The focus on The Jackal, while not noteworthy at first glance, is actually a significant step in the franchise’s evolution. The previous title’s Dr. Krieger was something of a non-entity, and while much of Far Cry 2′s development of its antagonist occurs through much-maligned audio logs, The Jackal’s charisma and a strong vocal performance by Dwayne Hill go along way towards establishing him as a memorable foe along the lines of Heart of Darkness‘ Kurtz. By the end of the game’s narrative, much of what the player thought he or she knew about this enemy has been revealed to be inaccurate.

This player started a fire that he should really keep an eye on.

In updating the series’ underlying engine from the CryEngine to Dunia, Ubisoft also made major alterations to how the player interacts with the environment. Rather than being oriented strictly around gunplay or vehicle navigation, a handful of new systems make the game much more challenging. The first is the player’s malaria, a constant presence throughout the single player campaign; this does not only cause issues during scripted plot sequences, but must also be kept under control through the intermittent self-administering of antibiotics lest the player become debilitated or die. The second new system is the role that fire plays in the dry African landscape – the player can set fires to distract or confine enemy soldiers, but fires can rapidly spread out of control and consume significant swaths of savanna.

The ubiquitous jammed gun – Far Cry 2.

The third system is perhaps the most controversial – weaponry and vehicles found throughout the open-world environments are frequently in varying states of disrepair. Guns jam or break down entirely, and cars frequently run out of gasoline or experience engine failure. This contributes to an emergent narrative in which the player cannot reliably expect all variables to proceed as they have in earlier encounters or for other players. This was a source of significant criticism at the time of the title’s release, but has been considered a major innovation for the medium when viewed through the lens of hindsight.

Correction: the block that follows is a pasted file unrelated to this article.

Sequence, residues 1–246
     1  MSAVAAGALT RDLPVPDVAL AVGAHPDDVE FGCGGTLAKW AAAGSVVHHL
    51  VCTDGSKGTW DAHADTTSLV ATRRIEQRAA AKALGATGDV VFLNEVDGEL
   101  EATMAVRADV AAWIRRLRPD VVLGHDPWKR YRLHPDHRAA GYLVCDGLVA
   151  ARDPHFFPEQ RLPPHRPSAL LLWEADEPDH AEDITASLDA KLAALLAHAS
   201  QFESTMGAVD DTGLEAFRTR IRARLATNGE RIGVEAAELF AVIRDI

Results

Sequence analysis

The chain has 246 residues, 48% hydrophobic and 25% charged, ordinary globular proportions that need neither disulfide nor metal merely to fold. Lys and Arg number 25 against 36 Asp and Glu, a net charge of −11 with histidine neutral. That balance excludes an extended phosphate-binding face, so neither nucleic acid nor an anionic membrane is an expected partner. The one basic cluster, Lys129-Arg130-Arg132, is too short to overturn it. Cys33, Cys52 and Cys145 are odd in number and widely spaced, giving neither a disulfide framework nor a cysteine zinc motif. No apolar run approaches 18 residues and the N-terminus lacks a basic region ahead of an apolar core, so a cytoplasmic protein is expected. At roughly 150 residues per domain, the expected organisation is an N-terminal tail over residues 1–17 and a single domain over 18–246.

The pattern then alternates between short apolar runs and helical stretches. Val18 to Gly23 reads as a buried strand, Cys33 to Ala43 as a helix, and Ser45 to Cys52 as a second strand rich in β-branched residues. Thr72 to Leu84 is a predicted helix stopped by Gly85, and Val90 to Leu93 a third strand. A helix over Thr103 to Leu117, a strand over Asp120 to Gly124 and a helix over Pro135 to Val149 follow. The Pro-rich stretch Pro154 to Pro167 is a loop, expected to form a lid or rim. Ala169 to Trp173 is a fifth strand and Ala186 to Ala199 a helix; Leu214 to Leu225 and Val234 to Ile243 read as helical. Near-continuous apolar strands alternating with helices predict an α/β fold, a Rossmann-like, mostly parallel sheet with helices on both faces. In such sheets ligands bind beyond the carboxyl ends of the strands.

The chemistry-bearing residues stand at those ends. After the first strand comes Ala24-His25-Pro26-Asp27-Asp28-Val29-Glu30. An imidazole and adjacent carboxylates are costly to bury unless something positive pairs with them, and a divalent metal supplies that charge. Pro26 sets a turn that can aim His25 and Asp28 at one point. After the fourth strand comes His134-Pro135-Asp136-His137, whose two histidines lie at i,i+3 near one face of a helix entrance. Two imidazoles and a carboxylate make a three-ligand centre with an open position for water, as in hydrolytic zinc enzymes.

The narrative’s cynicism, the challenging gameplay systems, and the game’s war-torn, drought-stricken setting contribute to a bleak tone that was rather unique in a landscape of otherwise increasingly scripted, highly militaristic first-person shooters. It would go on to be highly influential, particularly in the systems-oriented games that only began to achieve mainstream success with 2017’s The Legend of Zelda: Breath of the Wild, but would retain only a cult following after the Far Cry series made significant changes in following entries.


Far Cry 3 (2012)

Another four-year gap separated Far Cry 2 from its successor. Again, the series underwent a major revision between the two adjacent entries. In particular, most of the challenging inconsistent systems were abandoned in favor of a more reliable set of action-oriented gameplay mechanics. In the interim, Ubisoft also released several entries in its similarly open-world Assassin’s Creed franchise, codifying certain elements that would carry over to Far Cry 3.

A tower to be climbed in Far Cry 3.

Most notably, scouting the land through climbing towers became a key part of exploration. High structures dot the landscape and the player is able to ascend these to receive waypoints and intel on nearby enemy encampments. This makes the scouting aspect of the title, which had been carried out in a scattered, piecemeal fashion in Far Cry and Far Cry 2, much more streamlined and less time-intensive. Animals were introduced to the series for the first time as well, as tigers, bears and more could at times be enemies or at times be lured into functioning as a distraction or third faction in battles with pirates.

Leopard attack!